Last year at this time, we came to Quartzite in conjunction with Ooberfest 2016. We had  a ball meeting new folks and continuing communication with some throughout the year.  It was for that reason that we decided to attend this year’s event. Last year’s, as well as this year’s Ooberfest was hosted by David and Brenda Bott and their blog Outside Our Bubble. The event coincides with the annual Quartzite RV SHOW held for one week in January. Whereas last year we had 36 RVs and couples show up, this year we had about 76 RVs show up, mostly motorhomes. All in one giant circle. We actually had over 100 sign up, but weather got in the way, with a few days of rain leading up to the event. Even so, we more than doubled the attendance of last year’s inaugural event. Saturday of that week, we had a potluck dinner for about 120 people. Dinner was followed by a live band, Notes from Neptune, three very talented musicians. A fun time was had by all, listening to our own private outdoor concert, with dancing, multiple bonfires to keep us warm, and favorite beverages to keep everyone even warmer. Priceless. Thank you Dave and Brenda for all that you did to pull this off.

This is a photo of Bogie sitting on our dashboard surveying the beginnings of what would become a giant circle of RVs. Lots of people and dog meetings are ahead, along with plenty of shopping and errands to be run, as well happy hours and lots of socializing.

One of our fellow RVer couples operate a hot air balloon business catering to tourists in the Napa Valley in California. We met them here last year. This year, they brought their balloon with them so that they could teach their granddaughter to fly so she can become fortified. So, every morning we were treated to what it takes to fill a balloon and otherwise get it ready for flight. In addition to there “crew”, they also needed some volunteers to help. Believe me, they had NO shortage of volunteers.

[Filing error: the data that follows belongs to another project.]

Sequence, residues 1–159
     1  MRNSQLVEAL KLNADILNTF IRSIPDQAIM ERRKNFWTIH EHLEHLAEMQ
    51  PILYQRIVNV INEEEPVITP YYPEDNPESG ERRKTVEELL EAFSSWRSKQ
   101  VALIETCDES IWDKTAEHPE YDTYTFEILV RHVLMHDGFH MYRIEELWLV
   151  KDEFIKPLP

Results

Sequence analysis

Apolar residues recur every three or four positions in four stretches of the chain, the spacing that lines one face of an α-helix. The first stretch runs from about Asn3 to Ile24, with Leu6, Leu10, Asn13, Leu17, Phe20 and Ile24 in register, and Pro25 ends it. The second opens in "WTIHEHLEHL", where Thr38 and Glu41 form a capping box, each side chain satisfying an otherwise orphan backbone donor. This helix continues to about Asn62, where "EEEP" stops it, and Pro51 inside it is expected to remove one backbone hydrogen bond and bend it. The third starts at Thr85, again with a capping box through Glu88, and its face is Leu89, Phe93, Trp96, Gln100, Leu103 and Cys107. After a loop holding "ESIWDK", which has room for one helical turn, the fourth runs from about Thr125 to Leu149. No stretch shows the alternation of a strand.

You would think the skies would be crowded, what with ultra-lights and drones flying in addition to the balloon. But, there is SO MUCH wide open space here that there were no issues. Just lots of fun.



One of our MANY day trips was to Desert Bar, a VERY popular food and drink establishment in a most unlikely location 5 miles up a dry canyon on the site of an old mining area northeast of Parker, Arizona. Making the Desert Bar even more unique is that it is entirely solar powered and only open on Saturdays and Sundays for a total of 88 days per year during the season between November and March. Oh, and it’s also CASH ONLY.




This “aerial” photo shows a few friends having a beverage or two, and a whole lot of fun. Sharon in red.


Here’s our winter friends Dave and Diane enjoying themselves. Diane is always smiling and laughing. Just not now. 🙂




Even the dogs have fun. This one, Raven, getting used to boots intended to help  protect against rocks and cacti.

Needless to say, two and a half months allows for lots of memories. Way to many to document here.



Now we have moved on, as have all the others with whom we camped. Heading out to all  the points of the compass. Such is the RV lifestyle. But we will meet again, no doubt. In the meantime, we will continue to chase sunrises and sunsets.


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Williams, Arizona and the Grand Canyon